Measure would most likely raise rates on auto insurance for everyone
A red flag should go up when one person, group or company is the sole sponsor and sole underwriter of a ballot measure.
That's what we've got with Proposition 33, a measure on the Nov. 6 ballot that we urge voters to reject.
Proposition 33 is backed by Mercury General Corp. Chairman George Joseph, who has contributed 99.5 percent of the $16.2 million raised by the measure's official sponsor, the American Agents Alliance.
Knowing that, the logical question is why? What's in it for Joseph and the big insurance company he heads?
The short answer is money.
Backers of Proposition 33 – and we have to assume there are some even if Joseph is the only one putting any real money into the effort – bill it as the "2012 Auto Insurance Discount Act."
Don't be fooled. This is just a retread of a similar measure rejected by California voters two years ago. In fact, Proposition 33 is but the latest version of Joseph's battle with Harvey Rosenfield, author of the 1988 auto insurance initiative law, Proposition 103.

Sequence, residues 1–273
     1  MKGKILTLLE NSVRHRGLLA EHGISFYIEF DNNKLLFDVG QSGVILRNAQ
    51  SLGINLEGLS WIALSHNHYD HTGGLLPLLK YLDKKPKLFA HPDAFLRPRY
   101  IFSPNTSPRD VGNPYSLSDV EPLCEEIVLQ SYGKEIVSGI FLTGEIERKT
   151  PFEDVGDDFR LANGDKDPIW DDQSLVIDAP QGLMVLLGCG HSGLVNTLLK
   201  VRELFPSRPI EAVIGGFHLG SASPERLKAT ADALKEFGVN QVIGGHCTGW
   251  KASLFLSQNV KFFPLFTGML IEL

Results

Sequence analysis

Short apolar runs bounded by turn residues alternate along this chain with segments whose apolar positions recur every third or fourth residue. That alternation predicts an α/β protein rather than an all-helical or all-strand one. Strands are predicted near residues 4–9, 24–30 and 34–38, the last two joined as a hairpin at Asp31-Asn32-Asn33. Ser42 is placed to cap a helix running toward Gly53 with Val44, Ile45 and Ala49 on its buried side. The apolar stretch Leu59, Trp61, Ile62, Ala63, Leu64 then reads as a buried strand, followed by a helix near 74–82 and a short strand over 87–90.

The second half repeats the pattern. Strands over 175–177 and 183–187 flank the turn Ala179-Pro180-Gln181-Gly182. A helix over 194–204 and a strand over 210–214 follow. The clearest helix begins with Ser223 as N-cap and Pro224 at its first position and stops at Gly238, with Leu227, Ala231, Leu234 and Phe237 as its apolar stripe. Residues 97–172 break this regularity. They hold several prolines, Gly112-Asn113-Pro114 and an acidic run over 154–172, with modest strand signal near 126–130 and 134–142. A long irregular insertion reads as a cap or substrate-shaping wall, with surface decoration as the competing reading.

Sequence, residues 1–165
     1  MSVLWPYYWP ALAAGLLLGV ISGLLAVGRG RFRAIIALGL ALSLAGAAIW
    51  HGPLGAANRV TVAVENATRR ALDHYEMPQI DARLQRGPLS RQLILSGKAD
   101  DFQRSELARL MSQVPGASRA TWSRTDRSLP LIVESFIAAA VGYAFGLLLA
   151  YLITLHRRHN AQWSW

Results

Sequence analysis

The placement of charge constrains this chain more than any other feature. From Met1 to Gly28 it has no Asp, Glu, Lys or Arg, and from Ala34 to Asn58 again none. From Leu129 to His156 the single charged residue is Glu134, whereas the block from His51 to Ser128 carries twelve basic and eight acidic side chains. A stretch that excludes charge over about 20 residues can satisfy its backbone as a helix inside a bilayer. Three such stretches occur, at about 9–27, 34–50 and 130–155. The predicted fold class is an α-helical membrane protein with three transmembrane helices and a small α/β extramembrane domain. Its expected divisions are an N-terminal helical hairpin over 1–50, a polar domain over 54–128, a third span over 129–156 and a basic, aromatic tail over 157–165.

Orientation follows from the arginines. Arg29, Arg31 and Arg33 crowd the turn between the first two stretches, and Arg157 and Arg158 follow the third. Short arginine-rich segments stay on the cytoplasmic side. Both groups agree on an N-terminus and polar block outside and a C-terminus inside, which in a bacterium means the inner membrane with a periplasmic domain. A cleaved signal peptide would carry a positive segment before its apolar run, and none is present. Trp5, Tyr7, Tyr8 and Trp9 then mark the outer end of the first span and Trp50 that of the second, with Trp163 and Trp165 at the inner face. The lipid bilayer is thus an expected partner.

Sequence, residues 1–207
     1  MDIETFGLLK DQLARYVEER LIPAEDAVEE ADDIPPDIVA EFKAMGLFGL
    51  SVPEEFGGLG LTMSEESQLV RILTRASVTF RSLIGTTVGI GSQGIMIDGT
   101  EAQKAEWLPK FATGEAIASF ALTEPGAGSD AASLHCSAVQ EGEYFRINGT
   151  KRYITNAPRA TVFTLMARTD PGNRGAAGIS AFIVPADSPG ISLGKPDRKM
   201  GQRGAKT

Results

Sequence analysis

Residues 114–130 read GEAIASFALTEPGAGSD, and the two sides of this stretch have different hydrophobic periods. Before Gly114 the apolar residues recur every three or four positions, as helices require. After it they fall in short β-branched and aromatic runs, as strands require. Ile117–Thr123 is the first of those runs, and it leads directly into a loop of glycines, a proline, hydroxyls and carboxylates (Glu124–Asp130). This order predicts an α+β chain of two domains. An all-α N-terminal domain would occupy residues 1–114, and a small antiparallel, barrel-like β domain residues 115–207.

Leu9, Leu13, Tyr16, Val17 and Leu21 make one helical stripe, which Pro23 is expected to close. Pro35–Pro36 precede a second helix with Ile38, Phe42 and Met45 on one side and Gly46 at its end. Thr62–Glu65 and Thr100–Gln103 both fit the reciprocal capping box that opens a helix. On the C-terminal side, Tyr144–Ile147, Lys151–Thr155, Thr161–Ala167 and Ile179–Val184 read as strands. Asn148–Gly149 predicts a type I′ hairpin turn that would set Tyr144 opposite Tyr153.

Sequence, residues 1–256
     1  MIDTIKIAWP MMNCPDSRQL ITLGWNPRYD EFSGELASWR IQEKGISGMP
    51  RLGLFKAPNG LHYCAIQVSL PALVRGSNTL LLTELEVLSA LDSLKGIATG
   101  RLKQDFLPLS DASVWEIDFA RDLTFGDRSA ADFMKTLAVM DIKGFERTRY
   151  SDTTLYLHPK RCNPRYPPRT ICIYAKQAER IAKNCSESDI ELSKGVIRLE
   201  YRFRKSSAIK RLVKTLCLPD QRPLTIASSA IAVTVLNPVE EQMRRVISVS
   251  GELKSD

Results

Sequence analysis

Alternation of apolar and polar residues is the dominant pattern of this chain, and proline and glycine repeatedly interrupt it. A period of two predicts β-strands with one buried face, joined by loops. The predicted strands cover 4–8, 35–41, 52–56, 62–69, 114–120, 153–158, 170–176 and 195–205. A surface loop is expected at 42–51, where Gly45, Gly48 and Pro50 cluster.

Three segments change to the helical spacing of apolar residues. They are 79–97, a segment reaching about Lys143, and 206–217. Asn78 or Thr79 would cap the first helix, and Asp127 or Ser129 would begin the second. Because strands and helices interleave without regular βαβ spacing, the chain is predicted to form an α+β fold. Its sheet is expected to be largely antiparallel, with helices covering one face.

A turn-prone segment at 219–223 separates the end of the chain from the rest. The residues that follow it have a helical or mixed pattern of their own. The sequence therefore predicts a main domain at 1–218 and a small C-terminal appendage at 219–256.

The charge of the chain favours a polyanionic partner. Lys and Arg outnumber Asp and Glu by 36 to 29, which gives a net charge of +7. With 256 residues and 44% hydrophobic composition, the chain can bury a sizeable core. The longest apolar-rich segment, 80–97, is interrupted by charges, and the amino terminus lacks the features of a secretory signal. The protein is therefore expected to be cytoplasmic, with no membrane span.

Over the years, Joseph and Rosenfield have clashed repeatedly before the state Insurance Department, the Legislature, the courts and on the ballot.
Although largely unsuccessful, Joseph's efforts aim to use financial incentives to push consumers toward Mercury General, the state's fourth-largest private auto insurance company with about 8 percent of the California market.
And that's what's in it for Joseph. There's nothing in it for consumers.
The claim is with Proposition 33, drivers can get the equivalent of their existing "loyalty" discounts for renewing policies even if they switch insurance companies. The reality is it will ding new motorists, young drivers and people who let their insurance lapse.
The "loyalty discount" Proposition 33 claims to protect is not given as an incentive to obey the law; it's a marketing tool insurers give because it's cheaper to keep a customer than get a new customer.
In fact, to give the discount promised by Proposition 33 to some customers, companies would have to increase rates for other drivers. That likely will keep more drivers from buying any insurance. And guess who then pays? You do, through higher rates.
We urge a No vote on Proposition 33.